Spoiler alert: it’s a pretty weak link. They have a catchy title: “Look what the cat dragged in! Recurrent Clostridioides difficile infection from a household cat,” but unfortunately don’t have the quality of work to back up the story.
Clostridiodes difficile (formerly known as Clostridium difficile) is an important cause of intestinal disease in people. I’ve worked on animal aspects of this bug for years, and it can be found in an impressive range of species. In some, it’s an important cause of disease (e.g. horses, pigs). In others, it’s debatable whether it does anything of consequence (e.g. dogs, cats). There are lots of strains of C. difficile, and those that infect animals tend to be the same as those that infect people. How often or whether it’s transmitted animal-to-human (or vice versa) has been harder to sort out.
As I mentioned already, the report in question is really weak, so it’s hard to say whether there’s anything to the story about the cat at all. Here’s a quick summary:
- A person developed C. difficile infection, presumably triggered by a course of antibiotics (classic situation).
- She was treated for the infection, but had a recurrence 2 months later (also a common problem with this kind of infection). She was treated again but responded poorly, continuing to have profuse diarrhea.
- She then took her cat to a veterinarian. The cat was healthy, but was tested (method not reported) and found to be positive for C. difficile.
- That’s not surprising since we know a small percentage of cats are shedding this bacterium at any time, and in a household with an infected person the risk is likely even higher (because it also could have come from the person).
- The cat was then treated, with… something.
- With what? For how long? Who knows… they left that part out.
- One month later, the patient was still sick and was treated with a new drug, bezlotoxumab. She then responded to treatment.
Just looking at the timeline, it’s hard to implicate the cat. The person didn’t get better after treatment of the cat. A month later, she still had diarrhea and didn’t get better until she received a new drug.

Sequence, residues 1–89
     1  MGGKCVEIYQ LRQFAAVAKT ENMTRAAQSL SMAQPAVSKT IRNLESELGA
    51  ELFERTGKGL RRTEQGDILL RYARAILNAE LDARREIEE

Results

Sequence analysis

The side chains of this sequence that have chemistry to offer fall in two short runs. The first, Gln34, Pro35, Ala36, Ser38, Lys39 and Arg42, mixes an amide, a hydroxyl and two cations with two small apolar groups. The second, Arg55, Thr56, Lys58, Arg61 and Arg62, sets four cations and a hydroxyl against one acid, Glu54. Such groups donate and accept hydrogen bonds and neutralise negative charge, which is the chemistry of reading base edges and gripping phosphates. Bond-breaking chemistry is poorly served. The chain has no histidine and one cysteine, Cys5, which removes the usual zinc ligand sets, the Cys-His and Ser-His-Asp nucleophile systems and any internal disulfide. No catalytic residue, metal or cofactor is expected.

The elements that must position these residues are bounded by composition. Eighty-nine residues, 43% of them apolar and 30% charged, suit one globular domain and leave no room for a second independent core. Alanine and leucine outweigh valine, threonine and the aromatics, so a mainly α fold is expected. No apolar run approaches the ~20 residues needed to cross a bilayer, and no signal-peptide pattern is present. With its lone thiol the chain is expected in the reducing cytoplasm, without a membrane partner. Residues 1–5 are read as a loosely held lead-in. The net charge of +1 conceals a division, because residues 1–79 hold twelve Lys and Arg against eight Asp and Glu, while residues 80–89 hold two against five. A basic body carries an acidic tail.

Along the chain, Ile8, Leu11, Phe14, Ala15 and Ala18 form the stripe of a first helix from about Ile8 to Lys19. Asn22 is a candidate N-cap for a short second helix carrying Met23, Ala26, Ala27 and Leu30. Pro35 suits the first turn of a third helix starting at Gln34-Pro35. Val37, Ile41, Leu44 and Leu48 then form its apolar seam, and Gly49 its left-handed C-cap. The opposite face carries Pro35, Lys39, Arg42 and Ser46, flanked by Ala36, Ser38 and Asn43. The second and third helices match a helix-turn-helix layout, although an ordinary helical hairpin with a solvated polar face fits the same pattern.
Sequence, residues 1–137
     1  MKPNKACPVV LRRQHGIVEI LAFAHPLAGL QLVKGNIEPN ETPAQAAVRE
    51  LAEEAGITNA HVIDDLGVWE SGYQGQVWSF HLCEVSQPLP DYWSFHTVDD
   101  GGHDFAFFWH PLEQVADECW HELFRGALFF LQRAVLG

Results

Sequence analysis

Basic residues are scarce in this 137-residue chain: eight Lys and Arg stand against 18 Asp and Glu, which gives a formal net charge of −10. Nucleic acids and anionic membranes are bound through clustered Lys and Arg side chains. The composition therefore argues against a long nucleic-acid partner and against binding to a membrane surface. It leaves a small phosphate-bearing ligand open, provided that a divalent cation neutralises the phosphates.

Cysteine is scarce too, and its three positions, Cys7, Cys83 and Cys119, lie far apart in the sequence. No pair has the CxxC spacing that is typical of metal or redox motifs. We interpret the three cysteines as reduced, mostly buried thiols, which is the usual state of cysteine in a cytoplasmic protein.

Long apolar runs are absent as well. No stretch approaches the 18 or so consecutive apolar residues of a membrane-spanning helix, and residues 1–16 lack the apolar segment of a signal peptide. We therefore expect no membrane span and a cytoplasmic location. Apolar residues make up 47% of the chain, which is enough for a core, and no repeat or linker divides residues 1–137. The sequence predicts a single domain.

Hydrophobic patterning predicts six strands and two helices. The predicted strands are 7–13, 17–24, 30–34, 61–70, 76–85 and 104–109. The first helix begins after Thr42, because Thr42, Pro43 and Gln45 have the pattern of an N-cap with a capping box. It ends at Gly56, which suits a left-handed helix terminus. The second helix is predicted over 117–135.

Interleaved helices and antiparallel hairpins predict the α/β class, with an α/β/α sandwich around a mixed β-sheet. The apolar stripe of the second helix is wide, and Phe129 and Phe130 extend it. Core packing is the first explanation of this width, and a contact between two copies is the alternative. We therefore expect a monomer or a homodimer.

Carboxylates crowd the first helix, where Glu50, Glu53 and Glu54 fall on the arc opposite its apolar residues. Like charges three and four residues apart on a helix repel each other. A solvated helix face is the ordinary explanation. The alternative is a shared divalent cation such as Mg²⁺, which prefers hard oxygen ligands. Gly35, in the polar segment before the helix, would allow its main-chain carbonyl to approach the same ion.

Also, the main issue wasn’t recurrence, where it would be make sense to look for sources of reinfection. The main problem was that she didn’t respond to treatment during her second episode. It’s hard to implicate the cat in that scenario.
It’s also rather astounding they claim “Ultimately, the patient was not able to achieve long-term resolution of her symptoms until her newly adopted pet cat was treated by a veterinarian.” She more likely responded to a new drug, not treatment of her cat a month earlier. That statement is a major stretch and it’s particularly concerning since it’s in the abstract (which is often the only part of the paper that people read).
More importantly, there was no testing of the strains of C. difficile from the cat and the person. That’s a huge flaw. We know from work that we and others have donethat when we find C. difficile in a person and pet in the same household at the same time, it’s often not the same strain, so the infections are just coincidental, not linked. In this case, we have no idea if the strains were related because they didn’t bother to look.
It’s good that there’s awareness of the potential for pets to play a role in human infection (and vice versa) but it’s frustrating to see publication of yet another poor effort that didn’t investigate things properly, but jumped to a conclusion that could raise unnecessary concern about animals and lead to their unnecessary treatment (or worse).
Was the cat the source? Maybe, but probably not. Even if the cat really was positive for C. difficile (and that’s still be a big “if”), it was presumably either an unrelated infection, or it was infected by the owner and was an innocent bystander of the owner’s disease process.
I’m all for investigating pets as sources of recurrent disease. I get involved in these investigations. However, we need to do it right and not jump to conclusions that are unsubstantiated and potentially harmful. The last thing we need is for even more physicians to ask for unnecessary antimicrobial treatment of animals, which is also an issue with which I contend regularly.